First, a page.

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White House press secretary Kayleigh McEnany

Photo by: George Skidmore

The New York Times reported that hundreds of businesses trading on the financial markets received billions in loans from the government as part of COVID-19 relief, despite the program being targeted to small business.

White House press secretary Kayleigh McEnany was asked about the problem in an interview with Fox News on Monday.

From the April 27 edition of Fox News' America's Newsroom:

ED HENRY, co-host: Kayleigh, I want to follow up on Sandra [Smith] because she asked a good question about the Paycheck Protection Program. It's something a lot of our viewers have been paying attention.
We've been getting letters for a couple of weeks now from some folks, and I understand there's going to be good news and bad news. People are going to deal with paperwork issues. This happens all the time. But you just made the assertion a moment ago that it's helping a lot of small businesses.
Front page story in the New York Times, I'm sure you saw about how a lot of large companies are getting this money whereas mom and pop shops are not. One of the issues that could clear all this up is if you were transparent and released the list, disclosed which companies are actually getting money and which are not.
Will you finally do that — disclose which companies are getting this PPP money?
KAYLEIGH MCENANY: Look, let me be very clear here, and I'm glad that you asked this. Point-three percent of loans that have gone out, 0.3%, have been to the order of five million or more, meaning bigger companies.
The vast majority, as I noted, 1 million of the 1.6 million loans that went out, were companies with 10 or fewer employees. That is what this program is designed to do, that is who it is helping, and the New York Times, leave it to them to be wrong, and not just to be wrong, but to be really wrong, because that headline is completely dishonest, doesn't serve the American people across the country trying to get these loans.
And I would also note, a thank you to Whip Steve Scalise who put out a website as we waited for a week for Democrats to get their House in order and come to the table, he opened a website where business owners could come and express their frustration with the delays. I read about a small business owner in Mobile, Alabama, who almost had to do layoffs all of last week as she waited for funding.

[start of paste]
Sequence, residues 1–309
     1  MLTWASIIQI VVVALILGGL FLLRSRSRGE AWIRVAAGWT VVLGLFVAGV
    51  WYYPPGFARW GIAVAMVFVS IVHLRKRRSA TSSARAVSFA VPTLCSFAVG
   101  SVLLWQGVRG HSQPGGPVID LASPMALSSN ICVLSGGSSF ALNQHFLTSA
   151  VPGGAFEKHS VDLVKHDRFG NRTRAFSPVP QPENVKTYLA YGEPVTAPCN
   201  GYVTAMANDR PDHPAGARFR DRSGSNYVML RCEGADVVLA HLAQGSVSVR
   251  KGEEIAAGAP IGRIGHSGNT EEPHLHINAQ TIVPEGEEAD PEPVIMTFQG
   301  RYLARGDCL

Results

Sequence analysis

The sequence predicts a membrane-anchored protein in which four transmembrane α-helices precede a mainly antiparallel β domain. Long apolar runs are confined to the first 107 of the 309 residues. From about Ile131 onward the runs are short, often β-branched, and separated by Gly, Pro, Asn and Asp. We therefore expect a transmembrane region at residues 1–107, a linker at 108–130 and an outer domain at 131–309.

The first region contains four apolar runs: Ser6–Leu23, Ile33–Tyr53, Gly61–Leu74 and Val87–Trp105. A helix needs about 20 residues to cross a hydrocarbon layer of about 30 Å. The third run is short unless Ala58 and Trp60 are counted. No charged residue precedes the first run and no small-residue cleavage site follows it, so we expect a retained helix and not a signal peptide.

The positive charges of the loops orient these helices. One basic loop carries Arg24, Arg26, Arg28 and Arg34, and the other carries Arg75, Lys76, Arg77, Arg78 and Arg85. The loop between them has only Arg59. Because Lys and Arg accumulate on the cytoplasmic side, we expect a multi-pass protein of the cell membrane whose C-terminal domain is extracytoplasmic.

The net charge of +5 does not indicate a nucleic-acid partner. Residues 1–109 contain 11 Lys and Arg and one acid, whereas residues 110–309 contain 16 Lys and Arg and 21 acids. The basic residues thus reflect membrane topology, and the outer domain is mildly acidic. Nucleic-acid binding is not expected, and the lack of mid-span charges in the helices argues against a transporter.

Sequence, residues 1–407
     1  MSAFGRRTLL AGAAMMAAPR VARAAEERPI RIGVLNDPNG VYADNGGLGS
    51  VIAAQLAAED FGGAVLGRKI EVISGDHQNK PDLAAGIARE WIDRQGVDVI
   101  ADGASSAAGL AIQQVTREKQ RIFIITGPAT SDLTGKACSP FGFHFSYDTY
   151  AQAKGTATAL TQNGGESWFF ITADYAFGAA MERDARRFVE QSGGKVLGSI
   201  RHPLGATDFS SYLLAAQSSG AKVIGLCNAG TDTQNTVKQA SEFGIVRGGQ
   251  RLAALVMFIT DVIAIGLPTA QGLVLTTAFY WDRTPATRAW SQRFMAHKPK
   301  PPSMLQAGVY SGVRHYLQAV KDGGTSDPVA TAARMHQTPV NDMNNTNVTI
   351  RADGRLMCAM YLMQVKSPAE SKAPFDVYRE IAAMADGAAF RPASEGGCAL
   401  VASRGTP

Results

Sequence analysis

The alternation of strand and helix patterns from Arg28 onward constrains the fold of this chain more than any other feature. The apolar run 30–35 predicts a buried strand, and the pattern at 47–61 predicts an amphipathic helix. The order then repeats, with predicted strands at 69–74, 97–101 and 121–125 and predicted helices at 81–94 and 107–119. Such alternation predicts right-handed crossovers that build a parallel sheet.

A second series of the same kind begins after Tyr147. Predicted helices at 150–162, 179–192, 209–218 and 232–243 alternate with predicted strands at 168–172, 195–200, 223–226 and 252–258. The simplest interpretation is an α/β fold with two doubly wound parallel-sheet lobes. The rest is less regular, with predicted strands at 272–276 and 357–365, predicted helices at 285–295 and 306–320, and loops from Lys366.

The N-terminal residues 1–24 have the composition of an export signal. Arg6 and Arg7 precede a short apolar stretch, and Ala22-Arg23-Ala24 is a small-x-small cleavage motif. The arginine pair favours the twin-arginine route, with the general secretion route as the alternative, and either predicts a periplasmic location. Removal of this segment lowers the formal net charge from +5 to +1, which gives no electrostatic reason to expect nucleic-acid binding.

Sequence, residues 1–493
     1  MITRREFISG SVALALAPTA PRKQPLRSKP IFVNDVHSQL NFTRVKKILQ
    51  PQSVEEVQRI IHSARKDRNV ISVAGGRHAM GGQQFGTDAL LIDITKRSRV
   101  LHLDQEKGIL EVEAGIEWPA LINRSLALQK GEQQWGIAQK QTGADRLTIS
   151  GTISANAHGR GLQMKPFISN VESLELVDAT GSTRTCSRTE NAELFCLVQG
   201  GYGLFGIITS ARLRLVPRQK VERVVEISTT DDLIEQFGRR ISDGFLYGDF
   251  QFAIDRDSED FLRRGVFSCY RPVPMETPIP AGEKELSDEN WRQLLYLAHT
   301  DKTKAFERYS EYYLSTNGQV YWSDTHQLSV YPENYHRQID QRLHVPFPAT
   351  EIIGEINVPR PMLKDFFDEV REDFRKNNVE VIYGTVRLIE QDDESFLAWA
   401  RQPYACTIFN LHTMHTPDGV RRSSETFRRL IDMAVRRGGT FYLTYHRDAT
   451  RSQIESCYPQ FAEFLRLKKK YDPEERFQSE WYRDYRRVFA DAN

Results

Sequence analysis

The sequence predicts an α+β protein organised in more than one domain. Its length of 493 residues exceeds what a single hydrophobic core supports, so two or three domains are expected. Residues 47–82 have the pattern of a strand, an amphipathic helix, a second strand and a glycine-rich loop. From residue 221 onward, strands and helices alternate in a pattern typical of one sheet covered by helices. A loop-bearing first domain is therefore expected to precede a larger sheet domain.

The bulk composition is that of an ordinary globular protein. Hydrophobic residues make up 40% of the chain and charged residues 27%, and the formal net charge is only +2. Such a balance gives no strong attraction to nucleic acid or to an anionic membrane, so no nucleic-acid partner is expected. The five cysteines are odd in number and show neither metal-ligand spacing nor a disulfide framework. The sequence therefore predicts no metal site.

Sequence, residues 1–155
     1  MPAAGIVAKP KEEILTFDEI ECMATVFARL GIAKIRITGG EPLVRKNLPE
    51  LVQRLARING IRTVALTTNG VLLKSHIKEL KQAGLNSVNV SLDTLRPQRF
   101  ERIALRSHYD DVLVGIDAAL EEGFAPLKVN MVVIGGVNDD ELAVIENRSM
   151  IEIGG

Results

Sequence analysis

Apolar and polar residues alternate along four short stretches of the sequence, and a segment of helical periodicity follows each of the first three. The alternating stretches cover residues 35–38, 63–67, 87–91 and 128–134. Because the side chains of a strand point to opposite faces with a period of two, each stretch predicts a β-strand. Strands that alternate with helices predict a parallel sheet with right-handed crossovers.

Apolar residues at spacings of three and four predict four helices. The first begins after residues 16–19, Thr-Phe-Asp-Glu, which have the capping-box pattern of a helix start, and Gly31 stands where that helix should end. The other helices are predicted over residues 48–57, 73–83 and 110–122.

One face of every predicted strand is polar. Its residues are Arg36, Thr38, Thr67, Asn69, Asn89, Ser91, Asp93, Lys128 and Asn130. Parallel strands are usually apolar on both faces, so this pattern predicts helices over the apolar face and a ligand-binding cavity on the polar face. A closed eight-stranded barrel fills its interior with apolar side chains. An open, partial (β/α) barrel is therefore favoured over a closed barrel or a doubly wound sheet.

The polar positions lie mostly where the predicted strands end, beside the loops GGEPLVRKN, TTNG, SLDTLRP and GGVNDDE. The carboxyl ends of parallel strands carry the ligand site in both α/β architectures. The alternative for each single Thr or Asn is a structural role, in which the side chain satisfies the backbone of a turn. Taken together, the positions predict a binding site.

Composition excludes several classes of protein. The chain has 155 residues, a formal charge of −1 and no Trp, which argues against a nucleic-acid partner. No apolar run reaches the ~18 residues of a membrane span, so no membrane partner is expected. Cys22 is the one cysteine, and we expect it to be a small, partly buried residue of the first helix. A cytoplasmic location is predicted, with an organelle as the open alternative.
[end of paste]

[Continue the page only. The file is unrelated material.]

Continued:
So, we got to come together as a country, both parties come together, this is about one thing: the American people, not partisan politics.
HENRY: Wel,l it doesn't sound like you're going to release that list of who's getting the money based on that answer. You're not happy with the New York Times --
MCENANY: We're concerned with getting money to people right now. I mean, look, we're not concerned with cobbling a list together to please the media.

Published with permission of The American Independent Foundation.

Photo by U.S. Embassy Jerusalem/ CC BY 2.0

Reprinted with permission from Alternet

Senior White House adviser Jared Kushner—who like his boss and father-in-law President Donald Trump is a product of his family's fortune—was mercilessly lambasted on social media on Monday after he mocked Black Lives Matter activists and suggested that many Black people don't want to be successful.

Appearing on the Fox News morning show Fox & Friends, Kushner—some of whose $1.8 billion family fortune was amassed off the misfortune and suffering of Black people—and the hosts discussed economic issues facing the Black community. Racism was not mentioned. Kushner did touch upon the subject, albeit in a decidedly derisive fashion. After mentioning George Floyd, the unarmed Black man killed in May by Minneapolis police, Kushner accused people who expressed support for Black lives of "virtual signaling."

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